through the passage (33 The stem of the exhaust valve 56 is sur rounded by a liner 66 provided with the grooves 67 and lands 68. Oil may be in troduccd into the grooves through the opening 69. The stem of the intake valve 57 passes through the liner 70 provided with the grooves 71 and lands 72. Oil may be fed to the grooves through the opening 73.

Referring next to Figure 4, the crank shaft 75 is carried in the bearing 76. Theoil in quantities such as to efliciently lubri-- cate the contacting surfaces ofthe liner and sleeve valve. It is possible, however, to conconstruct the liner of other porous material, such for example, as unglazed ceramic material.

My improved lubricating means and method has been shown as applied to different types of motors and to different bearing parts of such motors. It is capable of use for a wide variety of bearing purposes and the use of a porous bearing of this type has proven in practice to be very efficient in providing adequate lubrication without danger of over oiling.

I contemplate such changes and modifications as come within the spirit and scope of the accompanying claims.

I claim:

1. Machine construction comprising afixed member, a liner fitted in said member, a movable member inside said liner, said liner being formed of porous material, and means for supplying lubricant to the external surface of said liner.

2. Machine construction comprising a fixed member, a liner fitted in said member, a movable member inside said liner, said liner being formed of porous material, channels between the liner and fixed member and means for supplying lubricant to said channels.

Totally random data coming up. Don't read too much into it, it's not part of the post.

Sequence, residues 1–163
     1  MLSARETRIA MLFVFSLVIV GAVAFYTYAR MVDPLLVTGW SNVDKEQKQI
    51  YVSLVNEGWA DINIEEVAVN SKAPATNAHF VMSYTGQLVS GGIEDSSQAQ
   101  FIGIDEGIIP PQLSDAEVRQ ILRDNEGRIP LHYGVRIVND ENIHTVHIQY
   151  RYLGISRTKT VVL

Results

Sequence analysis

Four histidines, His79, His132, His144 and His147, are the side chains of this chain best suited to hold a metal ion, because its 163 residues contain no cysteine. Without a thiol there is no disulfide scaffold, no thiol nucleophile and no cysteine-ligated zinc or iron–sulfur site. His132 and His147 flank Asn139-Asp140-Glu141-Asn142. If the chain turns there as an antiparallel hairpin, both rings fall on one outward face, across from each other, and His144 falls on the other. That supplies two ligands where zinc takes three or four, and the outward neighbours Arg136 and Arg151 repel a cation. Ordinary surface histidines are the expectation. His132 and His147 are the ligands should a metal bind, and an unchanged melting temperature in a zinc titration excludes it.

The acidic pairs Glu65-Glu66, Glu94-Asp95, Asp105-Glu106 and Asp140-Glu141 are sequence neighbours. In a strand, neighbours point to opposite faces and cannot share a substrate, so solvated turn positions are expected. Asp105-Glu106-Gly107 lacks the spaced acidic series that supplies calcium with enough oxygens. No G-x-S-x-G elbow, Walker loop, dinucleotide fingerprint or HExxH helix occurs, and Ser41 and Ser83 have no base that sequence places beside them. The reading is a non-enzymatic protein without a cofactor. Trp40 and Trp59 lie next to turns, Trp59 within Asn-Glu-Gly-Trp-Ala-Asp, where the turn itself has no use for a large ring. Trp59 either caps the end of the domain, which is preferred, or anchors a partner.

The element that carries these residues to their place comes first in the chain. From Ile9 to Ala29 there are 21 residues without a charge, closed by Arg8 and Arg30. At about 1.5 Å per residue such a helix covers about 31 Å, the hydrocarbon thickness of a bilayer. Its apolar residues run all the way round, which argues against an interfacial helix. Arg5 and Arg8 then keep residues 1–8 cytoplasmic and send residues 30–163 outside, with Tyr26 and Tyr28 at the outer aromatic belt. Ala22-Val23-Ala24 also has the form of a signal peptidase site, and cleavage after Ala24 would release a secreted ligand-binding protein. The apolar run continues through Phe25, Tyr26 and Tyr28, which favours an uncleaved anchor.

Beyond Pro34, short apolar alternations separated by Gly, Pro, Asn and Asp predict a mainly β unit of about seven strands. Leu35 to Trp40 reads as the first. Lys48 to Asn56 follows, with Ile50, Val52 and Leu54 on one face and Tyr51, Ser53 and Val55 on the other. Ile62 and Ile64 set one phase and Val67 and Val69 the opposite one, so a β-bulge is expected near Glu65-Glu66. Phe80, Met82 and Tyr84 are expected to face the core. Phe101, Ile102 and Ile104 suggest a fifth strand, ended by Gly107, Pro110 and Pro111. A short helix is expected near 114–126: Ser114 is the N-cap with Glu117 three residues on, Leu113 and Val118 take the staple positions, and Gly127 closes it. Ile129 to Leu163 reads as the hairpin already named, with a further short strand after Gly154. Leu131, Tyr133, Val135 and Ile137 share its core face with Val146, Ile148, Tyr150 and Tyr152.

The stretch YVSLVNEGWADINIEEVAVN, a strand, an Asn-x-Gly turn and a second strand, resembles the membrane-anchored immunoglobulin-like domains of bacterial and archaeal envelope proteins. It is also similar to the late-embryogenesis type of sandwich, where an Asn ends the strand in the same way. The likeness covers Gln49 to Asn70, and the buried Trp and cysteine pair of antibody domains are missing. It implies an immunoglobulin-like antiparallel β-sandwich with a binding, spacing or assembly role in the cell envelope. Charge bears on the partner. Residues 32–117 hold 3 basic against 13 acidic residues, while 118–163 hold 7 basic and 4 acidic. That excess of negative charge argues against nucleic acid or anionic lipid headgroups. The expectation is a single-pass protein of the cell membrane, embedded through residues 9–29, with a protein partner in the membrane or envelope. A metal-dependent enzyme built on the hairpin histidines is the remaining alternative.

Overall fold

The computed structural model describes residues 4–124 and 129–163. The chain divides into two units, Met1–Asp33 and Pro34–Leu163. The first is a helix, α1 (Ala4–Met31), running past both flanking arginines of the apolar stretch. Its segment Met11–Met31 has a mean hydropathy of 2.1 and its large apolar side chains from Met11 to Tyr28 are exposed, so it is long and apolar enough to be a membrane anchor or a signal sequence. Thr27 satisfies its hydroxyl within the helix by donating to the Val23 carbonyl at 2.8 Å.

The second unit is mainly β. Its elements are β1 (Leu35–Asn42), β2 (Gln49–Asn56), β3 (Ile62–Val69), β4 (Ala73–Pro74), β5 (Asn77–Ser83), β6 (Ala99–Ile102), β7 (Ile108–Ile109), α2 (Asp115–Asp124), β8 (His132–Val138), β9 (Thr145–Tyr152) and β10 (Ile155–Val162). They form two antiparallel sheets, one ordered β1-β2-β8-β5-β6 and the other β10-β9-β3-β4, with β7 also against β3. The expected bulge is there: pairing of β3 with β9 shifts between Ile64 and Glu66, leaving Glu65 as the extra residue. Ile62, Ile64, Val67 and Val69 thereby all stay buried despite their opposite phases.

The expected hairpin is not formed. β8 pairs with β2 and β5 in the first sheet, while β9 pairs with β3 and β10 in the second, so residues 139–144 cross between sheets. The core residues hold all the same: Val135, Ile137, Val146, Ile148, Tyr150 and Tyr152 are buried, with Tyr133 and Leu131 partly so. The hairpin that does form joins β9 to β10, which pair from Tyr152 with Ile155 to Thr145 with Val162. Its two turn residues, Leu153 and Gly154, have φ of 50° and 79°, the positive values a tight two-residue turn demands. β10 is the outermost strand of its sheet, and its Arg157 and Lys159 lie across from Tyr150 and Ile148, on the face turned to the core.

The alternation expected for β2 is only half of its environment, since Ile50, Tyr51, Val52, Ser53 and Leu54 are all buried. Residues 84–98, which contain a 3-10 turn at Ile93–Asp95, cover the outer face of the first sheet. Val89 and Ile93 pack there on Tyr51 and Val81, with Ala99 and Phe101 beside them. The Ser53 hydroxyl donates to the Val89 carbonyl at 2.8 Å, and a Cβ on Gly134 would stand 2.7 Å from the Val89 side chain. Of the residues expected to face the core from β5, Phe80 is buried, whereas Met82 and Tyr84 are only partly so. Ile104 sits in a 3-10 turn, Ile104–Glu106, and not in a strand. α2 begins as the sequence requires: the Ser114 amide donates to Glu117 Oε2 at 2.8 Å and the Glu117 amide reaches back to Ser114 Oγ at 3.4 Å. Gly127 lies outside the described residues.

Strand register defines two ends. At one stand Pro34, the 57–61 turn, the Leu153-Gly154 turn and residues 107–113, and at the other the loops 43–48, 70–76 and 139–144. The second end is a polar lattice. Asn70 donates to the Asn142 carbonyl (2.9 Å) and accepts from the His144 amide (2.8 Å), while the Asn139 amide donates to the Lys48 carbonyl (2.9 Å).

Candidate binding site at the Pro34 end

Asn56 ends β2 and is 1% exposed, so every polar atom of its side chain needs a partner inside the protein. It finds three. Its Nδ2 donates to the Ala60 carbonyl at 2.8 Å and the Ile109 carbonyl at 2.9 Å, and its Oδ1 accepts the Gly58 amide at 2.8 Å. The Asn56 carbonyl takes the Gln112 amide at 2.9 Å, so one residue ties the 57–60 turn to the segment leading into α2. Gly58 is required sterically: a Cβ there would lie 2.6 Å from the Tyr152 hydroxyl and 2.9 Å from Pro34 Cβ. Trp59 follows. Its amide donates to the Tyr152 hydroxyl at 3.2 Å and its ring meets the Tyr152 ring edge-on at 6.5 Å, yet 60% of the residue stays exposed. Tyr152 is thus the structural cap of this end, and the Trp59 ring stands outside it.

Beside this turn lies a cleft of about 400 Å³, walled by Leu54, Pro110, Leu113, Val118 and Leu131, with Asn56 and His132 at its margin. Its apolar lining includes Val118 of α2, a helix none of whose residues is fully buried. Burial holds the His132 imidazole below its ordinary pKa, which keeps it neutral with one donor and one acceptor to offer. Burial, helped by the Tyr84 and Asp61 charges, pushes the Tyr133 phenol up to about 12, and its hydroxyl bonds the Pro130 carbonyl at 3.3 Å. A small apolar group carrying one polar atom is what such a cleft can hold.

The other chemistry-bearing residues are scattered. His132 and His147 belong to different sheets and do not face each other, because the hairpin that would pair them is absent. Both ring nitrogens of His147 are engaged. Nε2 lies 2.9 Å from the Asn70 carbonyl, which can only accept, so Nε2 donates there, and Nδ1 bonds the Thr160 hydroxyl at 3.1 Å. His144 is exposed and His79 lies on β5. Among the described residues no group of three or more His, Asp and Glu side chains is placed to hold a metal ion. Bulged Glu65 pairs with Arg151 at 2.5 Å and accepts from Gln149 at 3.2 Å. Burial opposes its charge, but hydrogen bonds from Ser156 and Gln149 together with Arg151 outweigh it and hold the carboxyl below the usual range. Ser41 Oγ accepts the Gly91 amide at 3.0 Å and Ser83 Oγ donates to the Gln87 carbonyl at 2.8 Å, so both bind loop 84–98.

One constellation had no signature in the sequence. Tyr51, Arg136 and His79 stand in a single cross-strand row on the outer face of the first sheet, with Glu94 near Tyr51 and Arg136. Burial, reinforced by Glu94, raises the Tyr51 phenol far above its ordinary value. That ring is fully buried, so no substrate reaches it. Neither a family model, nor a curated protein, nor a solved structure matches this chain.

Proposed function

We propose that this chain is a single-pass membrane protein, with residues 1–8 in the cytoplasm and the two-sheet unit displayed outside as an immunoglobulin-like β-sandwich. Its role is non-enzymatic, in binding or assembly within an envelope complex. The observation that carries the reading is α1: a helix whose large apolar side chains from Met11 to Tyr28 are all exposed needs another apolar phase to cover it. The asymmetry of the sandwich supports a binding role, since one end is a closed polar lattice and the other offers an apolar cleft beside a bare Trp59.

3. Cylinder construction comprising 8. cylinder block, a porous cast iron liner fitted in said block, a movable member inside the liner, and means for supplying lubricant to the external surface of the liner, the lubricant working through the porous liner to lubricate its inner surface.

4. In a sleeve valve motor, block, a porous liner fitted into the cylinder block. a sleeve valve inside the liner and movable relative thereto, and means for supplying lubricant to the external surface of the liner. the lubricant working throu h the porous liner and lubricating the inter tting a cylinder inner surface of the liner and the outer surface of the sleeve valve.

5. In a sleeve valve motor, a cylinder block, a porous liner fittedinto the cylinder block, a sleeve valve inside the liner and movable relative thereto, lubricant carrying liner and movable relative thereto, lubricant carrying channels formed in the outer surface of the liner, and means for supplying lubricant to said channels, the lubricant workingthrough the liner and lubricating the interfitting liner and sleeve valve surfaces. I

7. In a sleeve valve motor, a cylinder block, an inner cylinder fitted in said block, a sleeve valve fitted between the cylinder block and inner cylinder, oil channels formed in the inner cylinder, and means for supplying oil to the channels, the inner cylinder being formed of porous material whereby the oil works through the member to lubricate the inner surface thereof.

8. In a sleeve valve motor, a cylinde block, an inner cylinder fitted in said block, a sleeve valve fitted between the cylinder block and inner cylinder, oil channels formed in the outer surface ofthe inner cylinder, a sleeve fixedly secured to the inner cylinder to close the outer face of said channels, and means to supply oil to the channels, the inner cylinder and sleeve being formed of porous material whereby the oil works through the two members to lubricate the inner surface of the inner cylinder, and thesurface between the sleeve and sleeve valve.

9. Machine construction comprising two relatively movable members, a liner fitted to one of said members and engaging the other member, said liner being formed of porous material, and means for supplying lubricant to sald liner.